Scholar Researches What Motivates Entrepreneurs in Uncertain Times

Starting a new business can be a risky venture.  Entrepreneurs hope their ideas become prosperous, but they first face a lot of uncertainty and may not see tangible results for years. Are they being irrational by banking on future success?

A Rutgers University–Camden scholar is researching what keeps entrepreneurs motivated despite a sometimes murky future.

“Starting a business is a lot of work with little immediate payoff,” says Shoko Kato, an assistant professor of management at the Rutgers School of Business–Camden.  “Why is it that so many people start businesses and invest a lot of time and money if the probability of success is low? Are they being overly optimistic?”

According to Kato, recent research suggests 15 percent of new business ideas are abandoned after four years and another 15 percent are successfully launched four years after conception.  That leaves 70 percent of entrepreneurs stuck in between, waiting for the pendulum to swing toward success, or failure.

To gauge how entrepreneurs persevere in the interim, Kato referred to thousands of blog entries authored by nine different North American entrepreneurs who detailed their experiences in starting a new business.  The industries included start-ups in the nonprofit sector, consulting, and software development, among others.  The common theme among all of these personal accounts is that the emotional aspect of entrepreneurship — a strong attachment to the business and a desire to see it succeed — plays a key role in a business owner’s willingness to weather early storms even if it means little to payoff in the early going.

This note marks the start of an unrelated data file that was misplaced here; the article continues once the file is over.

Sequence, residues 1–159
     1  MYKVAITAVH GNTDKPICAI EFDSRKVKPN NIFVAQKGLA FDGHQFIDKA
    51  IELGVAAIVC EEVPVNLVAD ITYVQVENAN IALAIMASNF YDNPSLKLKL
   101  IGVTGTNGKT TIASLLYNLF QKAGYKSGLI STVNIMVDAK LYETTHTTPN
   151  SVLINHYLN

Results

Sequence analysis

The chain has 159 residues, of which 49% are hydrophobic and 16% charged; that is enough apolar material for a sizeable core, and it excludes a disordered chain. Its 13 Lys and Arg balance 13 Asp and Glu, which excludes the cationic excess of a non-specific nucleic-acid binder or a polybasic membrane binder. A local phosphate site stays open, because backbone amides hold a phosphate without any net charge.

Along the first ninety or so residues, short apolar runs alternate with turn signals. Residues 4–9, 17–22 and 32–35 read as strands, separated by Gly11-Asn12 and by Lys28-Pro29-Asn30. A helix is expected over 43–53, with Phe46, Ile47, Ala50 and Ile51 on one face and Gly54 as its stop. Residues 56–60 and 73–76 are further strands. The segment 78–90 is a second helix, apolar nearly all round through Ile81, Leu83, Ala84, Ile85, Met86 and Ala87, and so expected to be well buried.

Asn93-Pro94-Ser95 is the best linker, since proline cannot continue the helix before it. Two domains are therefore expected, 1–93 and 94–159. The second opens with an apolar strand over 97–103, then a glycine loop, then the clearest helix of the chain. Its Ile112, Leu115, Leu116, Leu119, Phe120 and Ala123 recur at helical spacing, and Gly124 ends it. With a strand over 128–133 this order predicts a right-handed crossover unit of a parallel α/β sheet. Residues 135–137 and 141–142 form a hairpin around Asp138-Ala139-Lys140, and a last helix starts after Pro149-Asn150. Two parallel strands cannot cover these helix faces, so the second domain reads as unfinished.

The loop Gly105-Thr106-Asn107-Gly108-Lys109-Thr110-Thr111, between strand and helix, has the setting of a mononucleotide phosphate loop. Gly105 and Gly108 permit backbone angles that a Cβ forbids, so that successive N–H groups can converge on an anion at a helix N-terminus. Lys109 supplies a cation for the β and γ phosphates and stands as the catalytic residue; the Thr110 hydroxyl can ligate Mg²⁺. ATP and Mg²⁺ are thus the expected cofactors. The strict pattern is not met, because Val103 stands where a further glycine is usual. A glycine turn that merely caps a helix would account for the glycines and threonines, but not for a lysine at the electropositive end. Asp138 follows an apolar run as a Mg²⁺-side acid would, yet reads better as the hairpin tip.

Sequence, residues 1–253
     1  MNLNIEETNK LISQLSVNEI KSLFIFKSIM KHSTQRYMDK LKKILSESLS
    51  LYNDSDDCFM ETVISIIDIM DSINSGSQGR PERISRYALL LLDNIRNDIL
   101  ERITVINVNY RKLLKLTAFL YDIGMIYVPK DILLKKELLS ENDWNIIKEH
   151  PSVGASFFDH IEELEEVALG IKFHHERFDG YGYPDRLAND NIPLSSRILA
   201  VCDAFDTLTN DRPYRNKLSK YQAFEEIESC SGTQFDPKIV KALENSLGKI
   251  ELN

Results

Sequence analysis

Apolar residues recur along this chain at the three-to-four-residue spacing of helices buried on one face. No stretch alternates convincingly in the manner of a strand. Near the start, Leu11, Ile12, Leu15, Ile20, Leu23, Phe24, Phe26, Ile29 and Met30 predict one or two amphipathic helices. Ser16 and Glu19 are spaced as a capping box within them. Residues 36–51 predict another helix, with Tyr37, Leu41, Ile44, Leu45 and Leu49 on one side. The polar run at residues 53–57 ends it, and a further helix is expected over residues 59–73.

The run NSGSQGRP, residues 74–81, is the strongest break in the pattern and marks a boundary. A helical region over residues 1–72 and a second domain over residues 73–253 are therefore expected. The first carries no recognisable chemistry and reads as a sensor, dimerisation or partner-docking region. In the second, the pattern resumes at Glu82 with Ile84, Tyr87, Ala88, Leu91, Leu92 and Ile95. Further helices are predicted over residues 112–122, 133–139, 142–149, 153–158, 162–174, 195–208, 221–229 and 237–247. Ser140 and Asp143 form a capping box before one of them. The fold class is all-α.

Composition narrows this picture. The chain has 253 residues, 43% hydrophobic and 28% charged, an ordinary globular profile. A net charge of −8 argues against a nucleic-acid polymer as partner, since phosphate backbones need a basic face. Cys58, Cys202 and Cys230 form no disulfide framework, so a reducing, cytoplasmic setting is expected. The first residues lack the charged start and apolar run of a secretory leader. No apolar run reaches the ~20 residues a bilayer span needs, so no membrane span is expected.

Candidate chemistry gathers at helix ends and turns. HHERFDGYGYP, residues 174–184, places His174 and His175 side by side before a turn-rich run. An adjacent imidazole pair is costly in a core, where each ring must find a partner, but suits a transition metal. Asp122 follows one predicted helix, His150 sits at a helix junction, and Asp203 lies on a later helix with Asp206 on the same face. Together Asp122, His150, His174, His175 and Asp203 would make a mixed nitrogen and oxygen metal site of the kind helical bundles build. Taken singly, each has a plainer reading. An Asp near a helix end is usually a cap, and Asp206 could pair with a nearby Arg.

“If it was all about making money, you might think that entrepreneurs who realize that they won’t get a return on their investment would bail out as soon as possible,” Kato says.  “But I found that it isn’t always about making money.  Something else is driving them.  I think many entrepreneurs switch their focus to their personal growth and their own happiness, which is why they’re more likely to exercise patience in the beginning.”

While the motivations for starting a business varied in terms of business goals in Kato’s sample, the Rutgers–Camden management scholar says each entrepreneur’s experiences were similar.  For example, her research suggests they each express anxiety and excitement in the pre-launch stages of the business, while also emoting frustration over lack of progress and support.

In each case, focusing on short-term, tangible goals allowed each new business owner to remain committed to the bigger picture, which in turn encouraged them to stick with their long-term plan.  Kato says that seems to be the key to staying motivated in the early stages of a new business, even if it underperforms.

Furthermore, Kato says entrepreneurs persevere through setbacks by seeking positive feedback and by thinking about new ideas for their business while reflecting on why they started the business in the first place.

Are entrepreneurs being irrational by staying the course? Kato doesn’t think so.

“There will be tough times in founding and managing a business,” she says. “If an entrepreneur is passionate enough about his or her idea to do anything, then the entrepreneur will succeed.”

Kato, a Philadelphia resident, teaches courses in business policy and entrepreneurship at the Rutgers School of Business–Camden.  She earned her bachelor’s degree from Tsuda College in Japan, and her master’s and doctoral degrees from Syracuse University.

Ed Moorhouse
856-225-6759

 

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